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Caring for pastors in times of deep stress

Pastor Laura Vincent hugs Hailey Embrey, 8, following worship at Shiloh United Methodist Church near Clinton, Ky. Photo by Mike DuBose, UMNS.
Pastor Laura Vincent hugs Hailey Embrey, 8, following worship at Shiloh United Methodist Church near Clinton, Ky. Photo by Mike DuBose, UMNS.

These are stressful times for United Methodist churches. Congregations are processing the outcome of the called General Conference while simultaneously observing their Lenten and Easter traditions. Churches in several parts of the United States, southern Africa and other parts of the world are also recovering from natural disasters. As congregations and individual members respond in different ways to demands on time and energy as well as uncertainty about their church’s future, most continue to look to their pastors for support.

However, as pastors willingly address the spiritual and emotional needs of their congregations and parishioners, it is easy to forget that many of them are confronting the same concerns and are just as much in need of support.

Congregants can become so accustomed to having the pastor care for them, they may not think about his or her needs. However, spiritual support is a two-way street. Clergy and laity alike are members of the same Body of Christ. When one part of the body is hurting or troubled, it affects the whole and impairs the mission. If congregations want to be the kind of church St. Paul envisioned (1 Corinthians 12), they need to love and support their pastor the same way they want to be supported.

There are many ways congregations can offer their pastor support during these stressful times.

The local church staff-parish relations committee can take the first step by asking, “How is it with your soul? How can we help you?” Let pastors and other staff share what they need. The committee should work with the pastor to develop plans that will lessen pastoral burdens, allow them to work through their anxieties and make sure they aren’t neglecting other vital parts of their life (family, physical and mental health, finances, etc.).

Here are more suggestions of ways congregations can support their pastors during stressful times:

  1. Remember that the day-to-day responsibilities of the pastor don’t stop for special events or natural disasters. Appreciate that the pastor is still fulfilling regular commitments to the church. It may be helpful to delegate some duties. Congregants might assist with visiting the homebound, leading classes or hosting fellowship activities. Staff-parish can take the lead in identifying functions and encouraging delegation.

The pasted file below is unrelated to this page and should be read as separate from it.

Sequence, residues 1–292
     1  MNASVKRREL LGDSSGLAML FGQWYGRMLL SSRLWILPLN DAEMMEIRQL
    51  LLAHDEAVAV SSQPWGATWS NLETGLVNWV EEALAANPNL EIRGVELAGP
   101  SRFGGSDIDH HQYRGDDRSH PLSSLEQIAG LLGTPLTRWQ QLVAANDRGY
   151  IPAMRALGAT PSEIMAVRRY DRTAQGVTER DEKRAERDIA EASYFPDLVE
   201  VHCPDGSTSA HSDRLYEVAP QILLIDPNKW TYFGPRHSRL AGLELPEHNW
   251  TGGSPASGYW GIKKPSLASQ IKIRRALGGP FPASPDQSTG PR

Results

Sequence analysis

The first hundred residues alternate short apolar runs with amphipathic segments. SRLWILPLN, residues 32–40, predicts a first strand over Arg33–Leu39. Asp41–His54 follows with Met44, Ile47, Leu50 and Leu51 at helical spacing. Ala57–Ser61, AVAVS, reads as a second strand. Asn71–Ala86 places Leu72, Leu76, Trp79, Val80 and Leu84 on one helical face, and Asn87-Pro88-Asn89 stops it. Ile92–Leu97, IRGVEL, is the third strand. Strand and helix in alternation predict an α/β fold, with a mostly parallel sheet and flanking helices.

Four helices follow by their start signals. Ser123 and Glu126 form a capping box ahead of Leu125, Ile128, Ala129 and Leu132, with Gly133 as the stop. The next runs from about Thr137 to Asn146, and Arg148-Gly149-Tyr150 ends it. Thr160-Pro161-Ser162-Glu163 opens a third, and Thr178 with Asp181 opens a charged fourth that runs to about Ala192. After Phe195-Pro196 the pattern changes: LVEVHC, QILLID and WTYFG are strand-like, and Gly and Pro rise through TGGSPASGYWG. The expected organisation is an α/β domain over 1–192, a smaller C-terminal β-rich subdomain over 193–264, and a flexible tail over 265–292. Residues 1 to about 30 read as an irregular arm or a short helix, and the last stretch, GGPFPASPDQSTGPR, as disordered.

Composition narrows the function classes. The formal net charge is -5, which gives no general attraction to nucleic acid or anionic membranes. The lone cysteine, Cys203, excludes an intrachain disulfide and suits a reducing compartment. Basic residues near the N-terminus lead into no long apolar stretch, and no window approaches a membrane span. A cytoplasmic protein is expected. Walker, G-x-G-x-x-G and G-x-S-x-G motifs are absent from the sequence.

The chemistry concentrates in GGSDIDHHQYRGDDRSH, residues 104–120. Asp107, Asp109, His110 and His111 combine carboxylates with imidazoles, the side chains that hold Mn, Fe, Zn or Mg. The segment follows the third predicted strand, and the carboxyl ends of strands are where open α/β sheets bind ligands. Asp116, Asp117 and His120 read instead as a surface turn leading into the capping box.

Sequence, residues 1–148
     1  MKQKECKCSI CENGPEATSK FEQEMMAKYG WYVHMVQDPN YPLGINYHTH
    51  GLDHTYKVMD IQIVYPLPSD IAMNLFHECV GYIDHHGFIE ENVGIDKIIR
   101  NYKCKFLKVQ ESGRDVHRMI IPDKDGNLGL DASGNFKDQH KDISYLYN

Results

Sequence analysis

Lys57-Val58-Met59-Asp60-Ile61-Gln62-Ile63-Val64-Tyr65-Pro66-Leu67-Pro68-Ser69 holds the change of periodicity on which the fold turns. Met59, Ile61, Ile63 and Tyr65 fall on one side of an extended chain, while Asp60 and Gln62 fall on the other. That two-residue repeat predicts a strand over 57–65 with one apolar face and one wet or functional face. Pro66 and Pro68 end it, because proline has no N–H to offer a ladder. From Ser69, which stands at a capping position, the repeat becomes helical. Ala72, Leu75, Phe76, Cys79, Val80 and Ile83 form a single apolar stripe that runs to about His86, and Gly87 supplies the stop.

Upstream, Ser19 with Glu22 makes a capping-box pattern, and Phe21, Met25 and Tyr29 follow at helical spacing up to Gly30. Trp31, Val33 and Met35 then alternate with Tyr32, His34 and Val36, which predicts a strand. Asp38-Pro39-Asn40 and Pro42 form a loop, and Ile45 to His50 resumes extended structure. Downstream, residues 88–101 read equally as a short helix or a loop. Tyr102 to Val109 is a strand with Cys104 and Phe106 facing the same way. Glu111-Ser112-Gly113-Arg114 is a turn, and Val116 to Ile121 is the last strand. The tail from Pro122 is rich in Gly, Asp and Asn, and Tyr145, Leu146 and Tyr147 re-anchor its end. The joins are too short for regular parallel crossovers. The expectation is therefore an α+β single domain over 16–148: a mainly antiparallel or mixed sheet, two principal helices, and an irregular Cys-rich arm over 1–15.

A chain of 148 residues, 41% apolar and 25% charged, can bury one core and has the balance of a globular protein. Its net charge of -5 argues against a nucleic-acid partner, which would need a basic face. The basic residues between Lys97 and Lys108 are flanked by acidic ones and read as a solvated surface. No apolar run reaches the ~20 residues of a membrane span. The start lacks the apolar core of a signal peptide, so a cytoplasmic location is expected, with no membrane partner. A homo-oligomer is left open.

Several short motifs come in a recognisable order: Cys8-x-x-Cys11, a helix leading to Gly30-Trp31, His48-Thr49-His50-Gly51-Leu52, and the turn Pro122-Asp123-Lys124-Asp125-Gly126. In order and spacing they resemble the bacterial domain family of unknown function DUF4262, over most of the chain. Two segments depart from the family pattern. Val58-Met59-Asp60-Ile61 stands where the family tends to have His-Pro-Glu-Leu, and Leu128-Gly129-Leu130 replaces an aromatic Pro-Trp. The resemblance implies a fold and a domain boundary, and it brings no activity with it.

2. The staff-parish committee should actively encourage the pastor to take some downtime or use some vacation or other personal time, especially if they are feeling overwhelmed.
  3. If a pastor is dealing with a lot of spiritual and emotional anxiety, encourage them to see a mentor outside the church to whom they can talk freely. Pastors might also be encouraged to pursue retreats, classes, guided meditations or other spiritual disciplines. (Make certain their leadership responsibilities are minimal, if any.)
  4. Support the pastor’s family. Spouses and children often share the stress of the pastor. Let the entire family know they have the congregation’s support, and make certain the pastor takes adequate time for family. The General Commission on the Status and Role of Women has great resources for supporting clergy spouses and children.
  5. Pray for your pastor. Lift the pastor up by name during prayers in classes, at fellowship events and committee meetings and other times. If the pastor is present, offer to pray as you lay hands on or extend hands toward them. Just letting pastors know they are being prayed for is a source of comfort.
  6. Show gratitude. Simply being acknowledged and knowing they are appreciated means a lot. Individual members might show their gratitude by sending a personal card or offering to take the pastor to lunch.
  7. Don’t expect them to have all the answers. Many United Methodists are anxious about the future of their congregation and the larger denomination. It’s okay to share questions or concerns with the pastor, but understand that they, too, are processing what is happening and waiting to learn more.
  8. Acknowledge and respect the pastor’s individuality. You and your pastor may not have the same reaction to recent developments in the church. When discussing your concerns, be respectful and treat it as a conversation between friends who may disagree sometimes, but still love one another.
  9. Help your pastor stay physically healthy. If you notice signs of unusual stress or fatigue, talk to them in private or bring your concern to the staff-parish committee. Stress can make it harder to stay healthy.
  10. Continue to give. The majority of giving stays within the local church, supporting its mission and ministry, including providing the salaries of the pastor and staff. Like most people, pastors sometimes worry about their finances. By ensuring that pastors are able to pay their bills every month, congregants can eliminate one source of additional stress.

For more ideas on ways to support your pastor, check out 50 Ways to Support Your Pastor’s Health and Well-Being, a publication of Wespath, the United Methodist pension and health benefits agency.

Philip Brooks is a writer/content developer with the leader communications team at United Methodist Communications, Nashville, Tennessee.

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